Daryl and Denise – Chapter 17


Oh, how glorious it is to be a hero! Though lugubrious and painful burdens come with that role, like having to walk until your feet hurt, it is the respect and admiration one obtains from one’s peers that make it worthwhile, as well as the feeling that you have truly done something right. When you walk down your village and see the people, you know that you have rescued them from certain doom. When you purchase a loaf of bread from the bakery, there is not only the anticipation of devouring a beautifully-prepared meal, but the pride you feel knowing that the bread could not have been made if you had not vanquished a malevolent beast.

Coover had been on a miniscule voyage to the bakery, and due to his glorious deeds and victory over the nefarious sorceress, he needed no coins in order to have a loaf of bread in his possession. The baker just handed one to him, and Coover took it, bringing it back to the abode of his parental figures. Another fine element of his heroism was how it benefitted his family. Ever since he vanquished the malevolence of the devilish Aosoth who was very evil and mean, Coover and his family had been given a bigger home to live in, with the villagers toiling feverously to create a larger foundation, and food that cost nothing was handed their way.

As Coover entered his delightful place of dwelling, he expected to see his maternal figure bestow another hug onto him, but instead found a strange shadow standing in front of a window. A demonic figure, almost eclipsing the light with its bat-like wings. Dropping his bread, Coover sought his sword. Just as he was about to run to his room, the daemon leapt in his tracks. It was a dragon. Not just any dragon, the one who saved him.

‘Coover,’ it said in a feminine voice, which made the boy who bore that name raise his fists. ‘I haven’t eaten your parents, if that’s what you’re thinking. They’re out, likely celebrating your fame.’ She closed up her wings as she sat herself down. ‘You should really honour your parents, you know. My own father fought valiantly in the war against Aosoth, only to fall in battle.’

‘Your kin, battle Aosoth?’ Coover chuckled, ‘You jest.’

‘I am grateful,’ continued the dragon, ‘for you defeating her once and for all.’ At this, she held out her hand, and Coover once again looked for his sword. ‘You’re supposed to shake it. I’m showing gratitude.’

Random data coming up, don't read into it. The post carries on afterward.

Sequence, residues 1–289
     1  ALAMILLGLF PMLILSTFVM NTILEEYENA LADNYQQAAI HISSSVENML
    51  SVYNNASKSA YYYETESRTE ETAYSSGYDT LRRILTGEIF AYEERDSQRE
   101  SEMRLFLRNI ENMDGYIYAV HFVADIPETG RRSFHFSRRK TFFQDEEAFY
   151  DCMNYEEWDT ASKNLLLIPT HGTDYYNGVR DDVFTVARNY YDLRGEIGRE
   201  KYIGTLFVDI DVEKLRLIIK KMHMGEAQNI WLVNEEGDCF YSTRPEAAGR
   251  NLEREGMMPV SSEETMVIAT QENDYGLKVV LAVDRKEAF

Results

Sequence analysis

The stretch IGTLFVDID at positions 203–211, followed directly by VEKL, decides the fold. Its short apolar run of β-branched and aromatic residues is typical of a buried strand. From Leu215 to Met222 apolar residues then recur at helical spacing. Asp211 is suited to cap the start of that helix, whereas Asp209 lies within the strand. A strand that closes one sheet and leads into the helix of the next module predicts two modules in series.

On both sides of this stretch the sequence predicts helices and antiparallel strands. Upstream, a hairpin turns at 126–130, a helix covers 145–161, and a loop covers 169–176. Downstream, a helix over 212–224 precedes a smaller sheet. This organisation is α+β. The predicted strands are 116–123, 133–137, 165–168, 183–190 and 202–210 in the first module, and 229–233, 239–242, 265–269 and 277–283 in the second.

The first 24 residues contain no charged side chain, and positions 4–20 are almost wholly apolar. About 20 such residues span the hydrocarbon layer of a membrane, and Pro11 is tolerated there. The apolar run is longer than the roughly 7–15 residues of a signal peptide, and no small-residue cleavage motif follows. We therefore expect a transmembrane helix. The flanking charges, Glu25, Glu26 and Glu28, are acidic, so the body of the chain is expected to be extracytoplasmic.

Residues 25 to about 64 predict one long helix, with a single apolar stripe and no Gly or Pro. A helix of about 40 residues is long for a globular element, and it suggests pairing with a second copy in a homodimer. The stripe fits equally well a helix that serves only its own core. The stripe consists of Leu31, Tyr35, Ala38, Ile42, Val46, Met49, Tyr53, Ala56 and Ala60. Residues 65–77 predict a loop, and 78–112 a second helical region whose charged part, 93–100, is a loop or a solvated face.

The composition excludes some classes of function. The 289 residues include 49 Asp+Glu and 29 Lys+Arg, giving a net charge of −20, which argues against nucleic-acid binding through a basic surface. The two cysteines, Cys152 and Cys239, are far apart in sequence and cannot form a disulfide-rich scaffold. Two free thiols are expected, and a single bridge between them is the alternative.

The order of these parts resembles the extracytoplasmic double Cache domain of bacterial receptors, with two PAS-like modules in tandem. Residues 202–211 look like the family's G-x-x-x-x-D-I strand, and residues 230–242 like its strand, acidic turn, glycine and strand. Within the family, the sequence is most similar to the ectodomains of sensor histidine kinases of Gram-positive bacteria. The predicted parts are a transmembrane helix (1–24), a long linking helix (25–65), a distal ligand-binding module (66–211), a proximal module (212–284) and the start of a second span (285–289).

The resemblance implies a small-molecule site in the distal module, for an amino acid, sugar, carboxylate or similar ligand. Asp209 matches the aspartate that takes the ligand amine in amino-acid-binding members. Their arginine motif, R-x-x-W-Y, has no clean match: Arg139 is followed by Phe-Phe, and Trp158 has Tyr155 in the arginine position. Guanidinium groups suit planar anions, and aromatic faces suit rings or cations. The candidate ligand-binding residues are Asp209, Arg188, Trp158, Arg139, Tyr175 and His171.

Coover turned to the beast. ‘What do you want with me?’

‘As I said, I cannot thank you enough for defeating the witch once and for all, but it has now come to my attention that you have been taking credit for my own conquests. The people of Kirkalan believe you defeated Sam Wich.’

‘Why should I not take credit? I am giving hope to these poor peasants, which they need after having basked in the dark shadow of the dark, shadowy Aosoth for so long.’

‘I need my deeds to be acknowledged,’ she said, ‘for my people. We are sick of hiding and wish to protect the people as you have done.’

‘Hah!’ cried Coover, raising an arm into the air, ‘You are using your feminine wiles to lure me into a trap! Just like that one time with the evil seductress Grimhelda, who said she wanted to make me her love, when all she really wanted to do was eat my heart! I almost fell for her deceit, but I realised what is what she wished to do, and destroyed her in seconds.’

The dragon was silent for a moment, before she stood up. ‘You just made that up, didn’t you?’

‘That is unimportant! You, fiend, want my fame for yourself so you can trap the innocent people of this magnificent land! Well, I’m onto you!’

Rolling her eyes, the dragon walked to the window. ‘I have no time for this.’ As she stretched her wings to fly away, she added, ‘I’m not even sure you did kill Aosoth.’ She then flew away, the coward. Ah, even the mere sight of Coover is enough to send the monsters fleeing. As long as he lives, and he certainly had a long life ahead of him, that dragon’s scheme would never succeed. For decades, Coover would stand as a symbol, something for Kirkalan to look up to, a reassurance that they would never have to be afraid ever again.

After watching the dragon fly away into the distance, Coover turned around, and saw the loaf he had purchased lying there on the floor, begging him to pick it up. He did just that, and stared at the bread for a while, thinking of all the mouth-watering delights he could create.

Just then, his parents arrived home.

‘Hi Mum. Hi Dad. I got the bread.’

‘Oh good. Anything happen while we were gone?’

‘Nothing much.’